Owning Sexuality Isn't Just For Bond Anymore

Taraji P. Henson's breakout role in 'Empire' is anything but held back
Taraji P. Henson's breakout role in 'Empire' is anything but held back

No one ever paid any mind to the fact that James Bond is a notorious womanizer without even the slightest regret in regard to the sea of broken hearts left in his wake. James Bond could be in his mid-fifties to his early sixties and still be considered one of the most eligible bachelors and sexiest men on the planet. No matter what, he was always able to snatch up a woman half his age. But, unlike the movies, TV has given rise to a new wave of older women unafraid to showcase how they too can own their sexuality.

The 2000s really saw a rise in leading ladies who held no hesitations about allowing their male counterparts to see they weren't the only ones with a little something to show off. It became possible to cast off the restrictions of the domestic housewife or perky secretary to be attractive and hold major positions of power that rivaled that of husbands, partners, and even potential foes. With age comes knowledge, experience, and a certain respect and uniqueness of the female form and it's perfectly fine for women to show it off and own their bodies and own the power that comes along with them.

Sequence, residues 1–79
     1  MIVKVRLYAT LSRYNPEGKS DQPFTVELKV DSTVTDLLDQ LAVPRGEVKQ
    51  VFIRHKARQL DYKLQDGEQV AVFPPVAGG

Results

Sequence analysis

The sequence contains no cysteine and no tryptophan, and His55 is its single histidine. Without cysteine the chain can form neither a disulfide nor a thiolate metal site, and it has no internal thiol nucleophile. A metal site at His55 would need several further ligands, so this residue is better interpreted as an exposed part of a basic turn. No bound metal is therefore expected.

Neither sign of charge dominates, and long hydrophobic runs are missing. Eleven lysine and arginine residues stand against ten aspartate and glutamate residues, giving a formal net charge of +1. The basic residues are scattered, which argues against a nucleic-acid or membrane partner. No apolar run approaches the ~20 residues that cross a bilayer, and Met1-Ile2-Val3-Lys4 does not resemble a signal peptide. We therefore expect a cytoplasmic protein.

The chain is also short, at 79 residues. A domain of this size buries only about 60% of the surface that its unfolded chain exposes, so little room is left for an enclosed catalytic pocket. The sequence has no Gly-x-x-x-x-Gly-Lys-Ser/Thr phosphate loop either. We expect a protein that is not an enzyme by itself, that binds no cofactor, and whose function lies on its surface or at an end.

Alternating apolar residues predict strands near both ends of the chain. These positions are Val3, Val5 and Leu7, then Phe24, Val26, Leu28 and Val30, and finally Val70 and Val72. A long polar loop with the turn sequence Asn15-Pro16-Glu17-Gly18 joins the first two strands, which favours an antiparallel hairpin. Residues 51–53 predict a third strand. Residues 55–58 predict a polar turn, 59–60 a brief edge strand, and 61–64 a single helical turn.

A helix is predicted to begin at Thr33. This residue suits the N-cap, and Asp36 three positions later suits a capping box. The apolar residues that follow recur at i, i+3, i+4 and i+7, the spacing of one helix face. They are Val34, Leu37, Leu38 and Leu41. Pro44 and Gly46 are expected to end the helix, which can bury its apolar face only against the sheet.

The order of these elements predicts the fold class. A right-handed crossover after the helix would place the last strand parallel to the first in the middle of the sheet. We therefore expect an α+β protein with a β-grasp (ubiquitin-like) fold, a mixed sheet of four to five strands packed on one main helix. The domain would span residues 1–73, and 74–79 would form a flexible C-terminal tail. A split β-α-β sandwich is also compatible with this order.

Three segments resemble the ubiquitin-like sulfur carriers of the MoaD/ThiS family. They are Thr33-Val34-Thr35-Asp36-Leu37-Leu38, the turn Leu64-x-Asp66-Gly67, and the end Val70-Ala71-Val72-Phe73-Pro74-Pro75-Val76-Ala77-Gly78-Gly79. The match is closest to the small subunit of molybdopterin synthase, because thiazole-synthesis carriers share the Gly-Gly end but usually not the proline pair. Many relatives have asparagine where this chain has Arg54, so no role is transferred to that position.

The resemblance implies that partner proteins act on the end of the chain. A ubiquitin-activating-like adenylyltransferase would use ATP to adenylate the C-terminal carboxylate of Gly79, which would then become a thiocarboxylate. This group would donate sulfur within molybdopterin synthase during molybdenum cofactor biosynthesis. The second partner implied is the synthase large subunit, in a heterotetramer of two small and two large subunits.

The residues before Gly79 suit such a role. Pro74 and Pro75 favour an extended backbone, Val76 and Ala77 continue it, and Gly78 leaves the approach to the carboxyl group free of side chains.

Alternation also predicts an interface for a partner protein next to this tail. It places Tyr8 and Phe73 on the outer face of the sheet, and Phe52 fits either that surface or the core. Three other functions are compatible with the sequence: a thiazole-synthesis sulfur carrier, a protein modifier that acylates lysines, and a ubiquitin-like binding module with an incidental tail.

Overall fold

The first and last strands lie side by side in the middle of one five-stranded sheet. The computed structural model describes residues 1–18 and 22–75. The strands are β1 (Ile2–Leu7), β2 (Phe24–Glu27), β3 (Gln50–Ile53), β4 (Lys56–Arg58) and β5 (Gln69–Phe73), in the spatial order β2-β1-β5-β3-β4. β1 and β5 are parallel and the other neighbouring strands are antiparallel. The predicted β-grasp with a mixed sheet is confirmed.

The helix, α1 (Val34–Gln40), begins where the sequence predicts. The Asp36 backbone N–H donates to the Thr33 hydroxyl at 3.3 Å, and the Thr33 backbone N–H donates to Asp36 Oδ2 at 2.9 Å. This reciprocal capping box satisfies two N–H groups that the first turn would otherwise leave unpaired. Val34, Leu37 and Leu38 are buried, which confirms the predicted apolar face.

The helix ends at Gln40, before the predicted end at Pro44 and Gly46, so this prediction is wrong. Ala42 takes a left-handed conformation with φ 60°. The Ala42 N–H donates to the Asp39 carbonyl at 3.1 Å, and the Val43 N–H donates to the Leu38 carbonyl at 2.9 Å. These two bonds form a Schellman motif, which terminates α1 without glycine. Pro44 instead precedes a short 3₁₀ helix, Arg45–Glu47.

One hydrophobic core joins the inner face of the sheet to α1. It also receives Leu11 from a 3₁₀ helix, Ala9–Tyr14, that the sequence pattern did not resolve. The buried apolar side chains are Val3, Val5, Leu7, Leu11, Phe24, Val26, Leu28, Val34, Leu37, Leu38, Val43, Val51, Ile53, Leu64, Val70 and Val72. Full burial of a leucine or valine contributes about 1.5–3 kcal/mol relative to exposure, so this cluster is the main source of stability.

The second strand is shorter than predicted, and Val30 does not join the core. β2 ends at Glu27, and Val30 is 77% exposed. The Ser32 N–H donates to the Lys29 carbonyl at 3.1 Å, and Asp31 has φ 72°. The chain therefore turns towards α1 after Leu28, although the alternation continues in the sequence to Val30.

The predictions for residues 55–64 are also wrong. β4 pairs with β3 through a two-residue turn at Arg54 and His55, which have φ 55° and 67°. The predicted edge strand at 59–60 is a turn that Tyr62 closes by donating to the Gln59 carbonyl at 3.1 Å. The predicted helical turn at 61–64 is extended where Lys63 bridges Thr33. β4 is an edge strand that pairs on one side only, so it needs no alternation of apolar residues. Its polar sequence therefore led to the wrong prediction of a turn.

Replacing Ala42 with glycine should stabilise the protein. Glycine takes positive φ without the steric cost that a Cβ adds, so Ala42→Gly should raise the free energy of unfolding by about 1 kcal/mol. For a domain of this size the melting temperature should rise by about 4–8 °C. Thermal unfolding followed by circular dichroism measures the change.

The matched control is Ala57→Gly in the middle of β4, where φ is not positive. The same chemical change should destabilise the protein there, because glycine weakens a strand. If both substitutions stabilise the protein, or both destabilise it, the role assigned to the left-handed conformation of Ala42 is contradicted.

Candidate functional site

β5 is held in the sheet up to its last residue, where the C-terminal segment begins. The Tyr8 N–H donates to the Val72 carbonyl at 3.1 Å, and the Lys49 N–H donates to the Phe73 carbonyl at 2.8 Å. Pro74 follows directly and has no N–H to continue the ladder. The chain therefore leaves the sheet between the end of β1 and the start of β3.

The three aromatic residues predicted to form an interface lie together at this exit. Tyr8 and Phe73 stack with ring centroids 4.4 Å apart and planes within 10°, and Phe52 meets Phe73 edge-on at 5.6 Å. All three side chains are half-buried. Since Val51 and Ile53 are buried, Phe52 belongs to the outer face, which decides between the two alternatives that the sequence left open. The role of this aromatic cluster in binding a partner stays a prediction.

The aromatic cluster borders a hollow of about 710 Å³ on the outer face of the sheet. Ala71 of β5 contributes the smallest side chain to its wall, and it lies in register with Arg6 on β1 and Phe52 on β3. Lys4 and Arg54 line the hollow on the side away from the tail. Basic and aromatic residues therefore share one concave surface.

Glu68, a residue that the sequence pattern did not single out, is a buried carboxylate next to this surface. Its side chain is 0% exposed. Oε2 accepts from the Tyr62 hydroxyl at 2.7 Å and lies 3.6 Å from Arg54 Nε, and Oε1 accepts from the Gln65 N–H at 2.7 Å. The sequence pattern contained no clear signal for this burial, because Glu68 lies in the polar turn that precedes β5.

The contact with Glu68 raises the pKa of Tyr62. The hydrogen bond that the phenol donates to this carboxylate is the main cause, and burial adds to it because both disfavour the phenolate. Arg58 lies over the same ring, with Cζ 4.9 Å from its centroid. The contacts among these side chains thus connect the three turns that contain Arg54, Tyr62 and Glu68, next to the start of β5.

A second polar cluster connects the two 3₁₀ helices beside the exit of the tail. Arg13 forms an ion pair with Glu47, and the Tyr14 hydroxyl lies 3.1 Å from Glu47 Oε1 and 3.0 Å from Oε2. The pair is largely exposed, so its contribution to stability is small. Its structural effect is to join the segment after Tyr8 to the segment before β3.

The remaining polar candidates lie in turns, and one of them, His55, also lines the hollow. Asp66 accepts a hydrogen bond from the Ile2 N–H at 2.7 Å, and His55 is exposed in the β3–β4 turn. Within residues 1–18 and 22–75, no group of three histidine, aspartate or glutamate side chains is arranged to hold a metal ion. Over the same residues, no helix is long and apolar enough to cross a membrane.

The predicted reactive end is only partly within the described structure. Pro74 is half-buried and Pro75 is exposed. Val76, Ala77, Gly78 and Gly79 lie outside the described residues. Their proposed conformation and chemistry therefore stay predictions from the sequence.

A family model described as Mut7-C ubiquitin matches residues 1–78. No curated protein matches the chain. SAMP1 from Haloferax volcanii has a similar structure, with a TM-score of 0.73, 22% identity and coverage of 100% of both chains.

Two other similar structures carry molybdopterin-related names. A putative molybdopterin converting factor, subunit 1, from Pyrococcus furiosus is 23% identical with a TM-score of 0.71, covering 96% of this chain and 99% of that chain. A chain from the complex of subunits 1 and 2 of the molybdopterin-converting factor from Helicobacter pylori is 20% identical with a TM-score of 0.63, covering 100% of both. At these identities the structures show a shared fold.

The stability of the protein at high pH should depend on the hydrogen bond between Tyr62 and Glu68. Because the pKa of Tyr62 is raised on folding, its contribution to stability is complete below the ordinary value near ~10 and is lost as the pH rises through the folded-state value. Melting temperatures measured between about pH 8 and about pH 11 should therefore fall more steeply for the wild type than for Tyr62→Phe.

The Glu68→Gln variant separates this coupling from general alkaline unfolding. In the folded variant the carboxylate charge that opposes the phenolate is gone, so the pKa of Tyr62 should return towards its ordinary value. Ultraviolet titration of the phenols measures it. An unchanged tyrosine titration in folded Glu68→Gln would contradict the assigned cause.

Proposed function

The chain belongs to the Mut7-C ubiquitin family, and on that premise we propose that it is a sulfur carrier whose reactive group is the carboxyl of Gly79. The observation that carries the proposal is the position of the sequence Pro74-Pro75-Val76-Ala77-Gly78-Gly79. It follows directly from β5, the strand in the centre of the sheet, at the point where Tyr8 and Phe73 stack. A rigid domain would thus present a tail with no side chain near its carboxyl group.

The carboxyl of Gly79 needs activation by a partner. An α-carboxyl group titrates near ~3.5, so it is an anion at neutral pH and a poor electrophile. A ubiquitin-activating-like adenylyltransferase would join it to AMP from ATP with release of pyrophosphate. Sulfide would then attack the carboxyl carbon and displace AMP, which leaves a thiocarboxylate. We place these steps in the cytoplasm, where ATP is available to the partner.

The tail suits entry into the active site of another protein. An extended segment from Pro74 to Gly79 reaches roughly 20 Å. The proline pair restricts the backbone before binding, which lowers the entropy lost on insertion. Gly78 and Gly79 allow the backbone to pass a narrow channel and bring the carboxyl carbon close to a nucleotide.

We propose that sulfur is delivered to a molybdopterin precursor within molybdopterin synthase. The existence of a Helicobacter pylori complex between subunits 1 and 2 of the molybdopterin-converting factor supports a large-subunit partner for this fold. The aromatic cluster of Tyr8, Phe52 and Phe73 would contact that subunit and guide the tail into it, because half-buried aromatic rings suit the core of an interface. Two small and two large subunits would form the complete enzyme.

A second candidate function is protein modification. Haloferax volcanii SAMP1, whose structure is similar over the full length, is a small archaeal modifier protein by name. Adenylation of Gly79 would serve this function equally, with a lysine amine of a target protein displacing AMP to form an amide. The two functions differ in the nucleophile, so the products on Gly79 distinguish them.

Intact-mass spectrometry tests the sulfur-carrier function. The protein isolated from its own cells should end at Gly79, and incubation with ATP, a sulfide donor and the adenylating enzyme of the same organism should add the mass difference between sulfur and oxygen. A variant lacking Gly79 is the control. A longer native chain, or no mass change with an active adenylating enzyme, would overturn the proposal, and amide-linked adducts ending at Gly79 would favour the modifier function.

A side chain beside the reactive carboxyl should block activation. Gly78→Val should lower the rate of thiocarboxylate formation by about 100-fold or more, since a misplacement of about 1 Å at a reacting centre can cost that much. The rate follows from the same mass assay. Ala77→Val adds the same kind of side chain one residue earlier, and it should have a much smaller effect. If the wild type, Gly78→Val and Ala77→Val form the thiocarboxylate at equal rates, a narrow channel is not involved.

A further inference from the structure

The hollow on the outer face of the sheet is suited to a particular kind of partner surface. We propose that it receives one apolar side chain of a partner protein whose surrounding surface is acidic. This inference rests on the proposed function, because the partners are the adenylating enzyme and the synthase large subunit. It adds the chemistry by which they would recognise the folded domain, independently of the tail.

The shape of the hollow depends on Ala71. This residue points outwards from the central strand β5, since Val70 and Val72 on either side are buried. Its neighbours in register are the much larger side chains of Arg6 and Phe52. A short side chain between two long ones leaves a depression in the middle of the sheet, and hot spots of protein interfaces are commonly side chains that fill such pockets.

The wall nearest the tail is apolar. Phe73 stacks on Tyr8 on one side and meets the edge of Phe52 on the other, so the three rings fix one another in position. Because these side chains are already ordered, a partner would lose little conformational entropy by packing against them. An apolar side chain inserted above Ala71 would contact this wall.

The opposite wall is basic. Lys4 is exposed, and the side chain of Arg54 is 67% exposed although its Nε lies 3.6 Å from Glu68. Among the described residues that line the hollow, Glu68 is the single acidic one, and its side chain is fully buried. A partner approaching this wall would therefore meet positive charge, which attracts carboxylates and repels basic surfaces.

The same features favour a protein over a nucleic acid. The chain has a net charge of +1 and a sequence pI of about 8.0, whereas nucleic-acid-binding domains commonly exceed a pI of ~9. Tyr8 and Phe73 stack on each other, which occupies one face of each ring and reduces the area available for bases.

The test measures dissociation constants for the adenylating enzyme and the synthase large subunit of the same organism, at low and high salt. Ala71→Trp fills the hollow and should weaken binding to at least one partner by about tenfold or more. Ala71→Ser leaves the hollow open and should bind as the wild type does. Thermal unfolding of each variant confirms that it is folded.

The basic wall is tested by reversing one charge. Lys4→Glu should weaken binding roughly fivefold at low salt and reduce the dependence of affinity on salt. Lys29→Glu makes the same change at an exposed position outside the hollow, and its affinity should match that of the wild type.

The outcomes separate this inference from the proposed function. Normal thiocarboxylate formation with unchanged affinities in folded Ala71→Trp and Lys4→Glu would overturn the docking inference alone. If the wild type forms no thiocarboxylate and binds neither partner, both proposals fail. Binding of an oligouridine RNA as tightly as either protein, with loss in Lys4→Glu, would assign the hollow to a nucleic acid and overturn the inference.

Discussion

Jessica Lange's time on 'AHS' certainly spoke volumes about what a woman over 40 was capable of achieving
Jessica Lange's time on 'AHS' certainly spoke volumes about what a woman over 40 was capable of achieving

On American Horror Story, throughout her entire four-season tenure, Jessica Lange was easily the fan-favorite of every season. I credit a good chunk of the current casting trend in TV to Lange's unmatched success on the horror-anthology series. She experienced a career resurgence thanks to the creative minds behind the show and set the stage for many more women, like Kathy Bates, Sarah Paulson, and Angela Bassett to do the same.

Things are getting better for women in the entertainment industry every day. To think it was only four decades ago that Marilyn Monroe and the leading ladies of her generation would've been forced into roles of the housewife, sex pot, or dumb blonde that became synonymous with career girls of the time. We've come so far and even though we still have so far to go, we can all take comfort in the fact that things are definitely changing for the better and they will continue to do so as long as we keep watching and keep demanding our leading ladies be that of those who hold prowess, power, experience, and radiate unrivaled independence.

Who is your favorite older female character on TV today?